On our crisis communication training courses, we often talk about how smartphones have given people the power to be reporters.
They can record footage on their phones, post it on social media - or sell it to a newspaper.
And if the footage is damaging, a brand could be scrambling to prevent reputational damage caused by something that may well have previously gone unreported.
There was a great example of this last week.
Parcel delivery firm Hermes found itself looking at some uncomfortable social media posts and headlines when video footage emerged of one of its drivers hurling packages into the back of a van.
The footage was captured from a flat above a shop in Gloucester where the company collects parcels.
The occupant had been disturbed by “banging” and used his phone to capture the scene.
He then posted it on Facebook, where it has now been watched more than one million times and the courier’s behaviour was met with an angry response.
And, as we often point out on our crisis communication training courses, as the post gained momentum, it was picked up by the mainstream media.
Parcel Force: Hermes driver caught launching parcels into van ‘as hard as he could’ outside Co-op’ The Sun
Hermes driver filmed launching parcels into van ‘as hard as he could’ Daily Mirror
‘Angry’ Hermes driver caught launching packages into van ‘as hard as he can’ Metro
Hermes driver hurls packages as hard as he can Daily Mail
The publication of these stories then took the story back to social media, where it began to trend on Twitter. During parts of Thursday (5/11), the only topic that was trending higher on that network in the UK was the US election.
This is why I pay extra for my parcels not to be delivered by Hermes pic.twitter.com/AKJ38mg3DE— #EndSARS (@MayoAKA) November 5, 2020
I know a brand doesn’t care about me when I see Hermes are delivering my items https://t.co/0x4egFPofz— RUM ROCKSTAR (@Sebby_LO) November 4, 2020
Doesn’t surprise me. One of the worst delivery companies out there: When brands use HERMES as the default delivery service, I clear my cart. https://t.co/w8gYtZ78iY— Zeena (@ZeenaXena) November 5, 2020
The delivery company responded with a statement that said the man seen in the footage was an agency driver who has now been “removed from the business.”
It added: "We would like to reassure people that this behaviour is not acceptable or representative of our standards and values.
"Our local teams are working hard to ensure a good service during these challenging times and we thank people for their ongoing support and understanding.”
This was a damaging story that would not have been covered without the video footage taken by a member of the public. Yet, interestingly, this was not the only example of citizen journalism involving Hermes.
At the same time as the ‘hurled’ packages story, the Liverpool Echo was reporting the company’s staff were being told to sort parcels ‘on wet ground’, making them dirty and causing them to disintegrate.
That story included photos taken by one of the drivers of parcels sat outside on wet ground at a depot.
So, what does this mean for your organisation?
Technology has empowered people to not only take a more active role in sharing news but also in capturing it. They can report what they see as they go about their day-to-day lives.
Consequently, citizen journalism needs to be seen as something that could trigger a crisis and it is something that needs to be planned for in crisis communication plans and then tested.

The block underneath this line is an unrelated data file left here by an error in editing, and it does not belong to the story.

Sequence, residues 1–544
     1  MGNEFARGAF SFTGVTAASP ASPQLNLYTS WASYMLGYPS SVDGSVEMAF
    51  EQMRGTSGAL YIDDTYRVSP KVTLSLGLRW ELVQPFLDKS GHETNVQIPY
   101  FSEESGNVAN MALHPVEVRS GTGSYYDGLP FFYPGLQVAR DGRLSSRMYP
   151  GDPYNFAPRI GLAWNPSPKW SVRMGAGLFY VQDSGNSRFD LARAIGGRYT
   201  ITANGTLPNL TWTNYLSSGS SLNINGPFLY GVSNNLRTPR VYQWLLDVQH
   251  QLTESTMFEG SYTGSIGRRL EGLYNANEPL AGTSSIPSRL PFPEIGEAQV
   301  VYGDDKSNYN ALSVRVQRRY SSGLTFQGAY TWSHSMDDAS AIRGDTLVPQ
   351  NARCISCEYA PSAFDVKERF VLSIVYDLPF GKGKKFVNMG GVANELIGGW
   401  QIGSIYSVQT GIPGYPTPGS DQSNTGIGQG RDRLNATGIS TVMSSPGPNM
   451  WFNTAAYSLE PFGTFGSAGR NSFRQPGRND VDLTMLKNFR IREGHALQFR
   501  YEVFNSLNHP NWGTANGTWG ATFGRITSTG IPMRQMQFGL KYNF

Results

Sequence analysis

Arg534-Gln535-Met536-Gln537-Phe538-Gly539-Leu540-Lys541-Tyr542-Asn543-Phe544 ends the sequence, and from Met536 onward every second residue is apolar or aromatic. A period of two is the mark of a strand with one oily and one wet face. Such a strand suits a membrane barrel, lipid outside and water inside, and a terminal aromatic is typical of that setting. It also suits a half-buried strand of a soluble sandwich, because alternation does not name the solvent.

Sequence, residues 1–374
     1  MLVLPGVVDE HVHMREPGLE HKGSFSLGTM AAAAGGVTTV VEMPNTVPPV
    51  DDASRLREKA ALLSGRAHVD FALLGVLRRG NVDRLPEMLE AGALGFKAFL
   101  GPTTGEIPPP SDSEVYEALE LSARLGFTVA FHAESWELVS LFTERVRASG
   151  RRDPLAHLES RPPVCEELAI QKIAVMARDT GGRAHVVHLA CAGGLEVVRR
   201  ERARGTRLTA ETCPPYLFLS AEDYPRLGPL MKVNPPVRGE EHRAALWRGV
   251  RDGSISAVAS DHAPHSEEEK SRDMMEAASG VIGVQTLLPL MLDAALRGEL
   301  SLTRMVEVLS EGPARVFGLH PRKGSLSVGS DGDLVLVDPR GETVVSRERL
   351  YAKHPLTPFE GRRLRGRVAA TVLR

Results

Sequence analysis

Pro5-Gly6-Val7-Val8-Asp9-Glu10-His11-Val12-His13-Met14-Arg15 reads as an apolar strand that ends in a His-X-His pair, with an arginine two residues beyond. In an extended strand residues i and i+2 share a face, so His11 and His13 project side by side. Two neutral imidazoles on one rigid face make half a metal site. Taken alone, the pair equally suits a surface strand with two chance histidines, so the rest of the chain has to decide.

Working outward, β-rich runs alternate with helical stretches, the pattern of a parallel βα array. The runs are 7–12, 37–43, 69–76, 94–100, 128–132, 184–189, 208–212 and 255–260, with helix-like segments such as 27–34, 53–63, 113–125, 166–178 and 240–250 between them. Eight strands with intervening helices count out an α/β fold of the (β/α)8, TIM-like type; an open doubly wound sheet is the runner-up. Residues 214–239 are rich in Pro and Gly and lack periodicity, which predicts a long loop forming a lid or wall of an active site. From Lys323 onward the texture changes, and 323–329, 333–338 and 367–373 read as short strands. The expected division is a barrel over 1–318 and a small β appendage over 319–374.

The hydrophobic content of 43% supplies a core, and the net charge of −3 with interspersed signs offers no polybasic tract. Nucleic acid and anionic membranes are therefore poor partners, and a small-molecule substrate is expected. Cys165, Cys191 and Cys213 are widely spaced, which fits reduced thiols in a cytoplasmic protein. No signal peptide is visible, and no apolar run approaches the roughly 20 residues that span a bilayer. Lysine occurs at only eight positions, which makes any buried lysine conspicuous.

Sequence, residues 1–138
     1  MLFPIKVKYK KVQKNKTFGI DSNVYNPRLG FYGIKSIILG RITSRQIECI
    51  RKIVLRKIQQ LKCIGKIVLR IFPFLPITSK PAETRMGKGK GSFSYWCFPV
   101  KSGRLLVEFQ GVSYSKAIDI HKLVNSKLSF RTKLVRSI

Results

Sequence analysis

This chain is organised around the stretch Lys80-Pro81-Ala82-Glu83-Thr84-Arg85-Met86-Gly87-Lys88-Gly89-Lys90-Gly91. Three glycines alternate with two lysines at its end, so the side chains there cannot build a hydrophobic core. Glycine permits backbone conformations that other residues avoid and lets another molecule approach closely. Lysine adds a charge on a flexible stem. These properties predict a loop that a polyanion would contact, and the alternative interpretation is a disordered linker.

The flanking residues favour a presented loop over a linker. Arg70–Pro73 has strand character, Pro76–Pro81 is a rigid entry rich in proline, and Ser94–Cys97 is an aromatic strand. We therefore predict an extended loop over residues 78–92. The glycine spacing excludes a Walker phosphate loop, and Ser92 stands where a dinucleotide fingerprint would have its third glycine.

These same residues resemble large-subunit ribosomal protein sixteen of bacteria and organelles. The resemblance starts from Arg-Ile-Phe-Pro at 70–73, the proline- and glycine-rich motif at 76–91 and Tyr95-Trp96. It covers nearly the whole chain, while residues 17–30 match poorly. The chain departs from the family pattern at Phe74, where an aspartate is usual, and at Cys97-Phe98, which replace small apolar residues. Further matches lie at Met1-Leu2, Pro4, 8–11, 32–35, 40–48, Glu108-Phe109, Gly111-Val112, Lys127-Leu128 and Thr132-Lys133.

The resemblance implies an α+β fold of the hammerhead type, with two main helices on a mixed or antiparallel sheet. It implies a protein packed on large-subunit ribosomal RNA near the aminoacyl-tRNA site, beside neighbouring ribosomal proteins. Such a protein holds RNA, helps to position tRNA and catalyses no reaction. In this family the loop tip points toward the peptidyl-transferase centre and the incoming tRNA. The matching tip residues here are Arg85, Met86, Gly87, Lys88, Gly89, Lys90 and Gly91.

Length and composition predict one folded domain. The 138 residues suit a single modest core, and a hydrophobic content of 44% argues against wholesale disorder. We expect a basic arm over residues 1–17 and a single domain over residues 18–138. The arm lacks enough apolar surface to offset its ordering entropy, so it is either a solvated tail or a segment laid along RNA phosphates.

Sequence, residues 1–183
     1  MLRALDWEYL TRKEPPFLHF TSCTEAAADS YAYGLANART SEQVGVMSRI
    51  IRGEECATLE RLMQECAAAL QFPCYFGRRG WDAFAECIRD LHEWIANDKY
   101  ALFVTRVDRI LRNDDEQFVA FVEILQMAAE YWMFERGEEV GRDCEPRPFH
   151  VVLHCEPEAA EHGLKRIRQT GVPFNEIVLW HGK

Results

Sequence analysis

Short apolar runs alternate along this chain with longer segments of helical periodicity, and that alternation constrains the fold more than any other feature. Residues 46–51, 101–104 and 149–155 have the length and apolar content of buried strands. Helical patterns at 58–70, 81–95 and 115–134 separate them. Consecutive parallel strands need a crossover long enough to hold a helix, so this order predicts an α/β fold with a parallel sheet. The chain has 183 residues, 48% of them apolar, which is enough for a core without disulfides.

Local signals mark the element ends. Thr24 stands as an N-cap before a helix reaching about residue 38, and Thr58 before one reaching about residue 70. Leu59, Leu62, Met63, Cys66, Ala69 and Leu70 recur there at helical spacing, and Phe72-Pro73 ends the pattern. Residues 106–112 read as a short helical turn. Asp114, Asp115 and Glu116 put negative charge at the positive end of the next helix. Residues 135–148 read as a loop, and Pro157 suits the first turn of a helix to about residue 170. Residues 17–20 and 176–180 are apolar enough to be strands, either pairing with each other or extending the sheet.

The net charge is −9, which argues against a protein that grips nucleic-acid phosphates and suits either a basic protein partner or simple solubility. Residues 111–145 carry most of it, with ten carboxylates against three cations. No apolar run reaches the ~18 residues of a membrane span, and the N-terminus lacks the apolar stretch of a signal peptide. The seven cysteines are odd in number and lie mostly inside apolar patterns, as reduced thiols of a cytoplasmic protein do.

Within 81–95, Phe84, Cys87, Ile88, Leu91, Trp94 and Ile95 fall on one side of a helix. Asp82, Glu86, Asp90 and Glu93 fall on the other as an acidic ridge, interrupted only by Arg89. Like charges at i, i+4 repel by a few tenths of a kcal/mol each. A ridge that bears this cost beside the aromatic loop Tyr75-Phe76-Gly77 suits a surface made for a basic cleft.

Things that may have previously gone unreported – partly because a camera crew would not have been able to get there in time - can now be quickly captured and shared. And it has the potential to be just as damaging as the more traditional causes of reputational crises.
To limit the damage, you need to be able to respond quickly. Once someone has captured something like the Hermes footage, they typically post it in just a few minutes.
And the story and a damaging narrative can quickly build without any intervention – I can’t find one example of Hermes responding to the story on social media.
The best way to be able to meet the tight timeframe – and some people argue you may have less than 15 minutes to do so if you are going to assert any control on the story – is to use holding statements.
These can be prepared in advance and adapted to meet the specific situation you need to manage.
No-one is expecting huge amounts of detail in these responses. Your customers want to know that you are aware of what has happened and that you care. In fact, they need to know that you care more than they care what you know.
And this was something that was missing in the Hermes statement. There were some components of a good crisis response, including action – with the driver no longer working for the company – and some reassurance.
But there was no concern for those who may have had their goods damaged or broken by the antics of the driver.
The other key to being able to respond quickly is vigilance. Closely monitor what people are saying about your brand, your products and your leaders. And because crises have a habit of happening outside of normal working hours, this monitoring needs to happen outside of the 9-5.
Citizen journalism can pose another threat to your organisation’s reputation. But like other risks, careful preparation and testing is key to putting you in the best position to emerge with your reputation unscathed.
Find out more about planning for a crisis and anticipating your organisation’s vulnerabilities, by downloading our free crisis eBook.
Media First are media and communications training specialists with over 30 years of experience. We have a team of trainers, each with decades of experience working as journalists, presenters, communications coaches and media trainers.
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